Towers Watson has displaced Strategic Capital Management (SCM) as the main investment consultant to the $3.3 billion MilitarySuper, with SCM continuing to advise on specific areas, according to the fund’s chair, Tony Hyams (pictured).
“We’re not yet specifying what SCM will be doing,” he added. “It’s not necessarily specific investments, but rather specific areas.
“It’s a continuing relationship which is in the process of being defined.”
SCM had been the investment consultant for the Military Superannuation and Benefits Scheme (Military Super) for more than seven years – “a long marriage by any standards”, Hyams said. “The (new) consulting agreement begins immediately, and has, in fact, begun.”
MilitarySuper had a “broad and fairly exhaustive tender to look at the market” over about three months, he said, “and in the end, the board chose Towers Watson because they provided us with the best fit”.
While Hyams would not say how many consultants tendered, he said “quite a few” had responded to the Request For Proposal. The tender was assisted by former Australian Reward Investment Alliance (ARIA) portfolio manager, Ephraim Grunhard, who left the big Commonwelath public sector fund last year after 16 years.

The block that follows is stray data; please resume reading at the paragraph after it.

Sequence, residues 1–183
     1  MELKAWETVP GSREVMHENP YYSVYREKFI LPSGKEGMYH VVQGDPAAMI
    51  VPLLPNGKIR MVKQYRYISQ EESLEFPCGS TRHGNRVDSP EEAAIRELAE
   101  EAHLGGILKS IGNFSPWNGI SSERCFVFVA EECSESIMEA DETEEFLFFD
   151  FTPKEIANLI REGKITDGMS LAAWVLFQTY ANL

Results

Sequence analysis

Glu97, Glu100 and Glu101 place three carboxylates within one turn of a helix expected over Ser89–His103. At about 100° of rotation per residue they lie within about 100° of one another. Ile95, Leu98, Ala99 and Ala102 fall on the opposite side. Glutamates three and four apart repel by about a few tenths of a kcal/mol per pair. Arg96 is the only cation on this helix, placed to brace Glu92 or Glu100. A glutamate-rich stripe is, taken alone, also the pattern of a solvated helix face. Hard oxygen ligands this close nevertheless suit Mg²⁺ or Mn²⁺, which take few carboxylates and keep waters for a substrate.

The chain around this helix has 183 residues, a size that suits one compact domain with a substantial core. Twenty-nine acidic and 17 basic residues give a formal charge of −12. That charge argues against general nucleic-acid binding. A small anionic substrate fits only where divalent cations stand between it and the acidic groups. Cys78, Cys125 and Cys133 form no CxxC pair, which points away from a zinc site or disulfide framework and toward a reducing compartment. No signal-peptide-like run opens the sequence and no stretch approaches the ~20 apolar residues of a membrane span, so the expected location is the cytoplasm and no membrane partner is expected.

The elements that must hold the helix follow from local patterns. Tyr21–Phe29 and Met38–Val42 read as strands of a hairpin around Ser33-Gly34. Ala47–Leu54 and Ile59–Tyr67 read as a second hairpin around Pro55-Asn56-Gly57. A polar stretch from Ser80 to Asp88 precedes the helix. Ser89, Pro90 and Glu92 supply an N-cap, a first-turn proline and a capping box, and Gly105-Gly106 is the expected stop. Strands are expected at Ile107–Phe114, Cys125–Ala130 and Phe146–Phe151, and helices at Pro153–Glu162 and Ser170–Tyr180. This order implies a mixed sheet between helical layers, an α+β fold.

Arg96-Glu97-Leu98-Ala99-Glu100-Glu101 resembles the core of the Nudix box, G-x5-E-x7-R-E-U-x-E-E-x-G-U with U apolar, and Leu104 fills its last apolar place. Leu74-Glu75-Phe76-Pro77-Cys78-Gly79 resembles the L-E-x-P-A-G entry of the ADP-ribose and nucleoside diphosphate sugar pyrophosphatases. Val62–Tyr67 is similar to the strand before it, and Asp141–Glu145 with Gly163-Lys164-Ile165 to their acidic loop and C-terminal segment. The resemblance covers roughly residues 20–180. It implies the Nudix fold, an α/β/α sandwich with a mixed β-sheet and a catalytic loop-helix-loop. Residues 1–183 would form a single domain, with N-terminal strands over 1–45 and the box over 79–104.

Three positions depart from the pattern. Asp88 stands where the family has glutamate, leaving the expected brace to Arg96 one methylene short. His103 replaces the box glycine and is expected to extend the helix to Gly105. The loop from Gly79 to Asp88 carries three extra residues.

The tender process began before current CEO Michael Seton came on board, but Seton “was involved in the selection process, along with the board”, Hyams said.
The Towers Watson principal consultants to MilitarySuper will be Graeme Miller, head of investment consulting, and Ross Barry, head of alternatives, with “access to quite a range of other Towers Watson staff”, said Hyams.
“We’re very happy with the thorough process we undertook and we appreciate those who made tenders – which were very impressive.”
Hyams is also chair of the ARIA, which currently lacks an holistic asset consultant, but he said the Towers Watson appointment to MilitarySuper had “no relationship whatsoever with ARIA”.
MilitarySuper’s new CEO, Michael Seton – who joined at the beginning of October this year – said the decision to review the fund’s consultant was simply a matter of good governance. “It has been many years since a review has occurred, so we recently undertook a comprehensive tender”.
Commenting on SCM’s retention, Seton said the consultant had been “a significant partner for MilitarySuper over many years and they will have an ongoing relationship with us.”
MilitarySuper has $3.3 billion in assets and 150,000 members, who are either current or past members of the Australian Defence Force.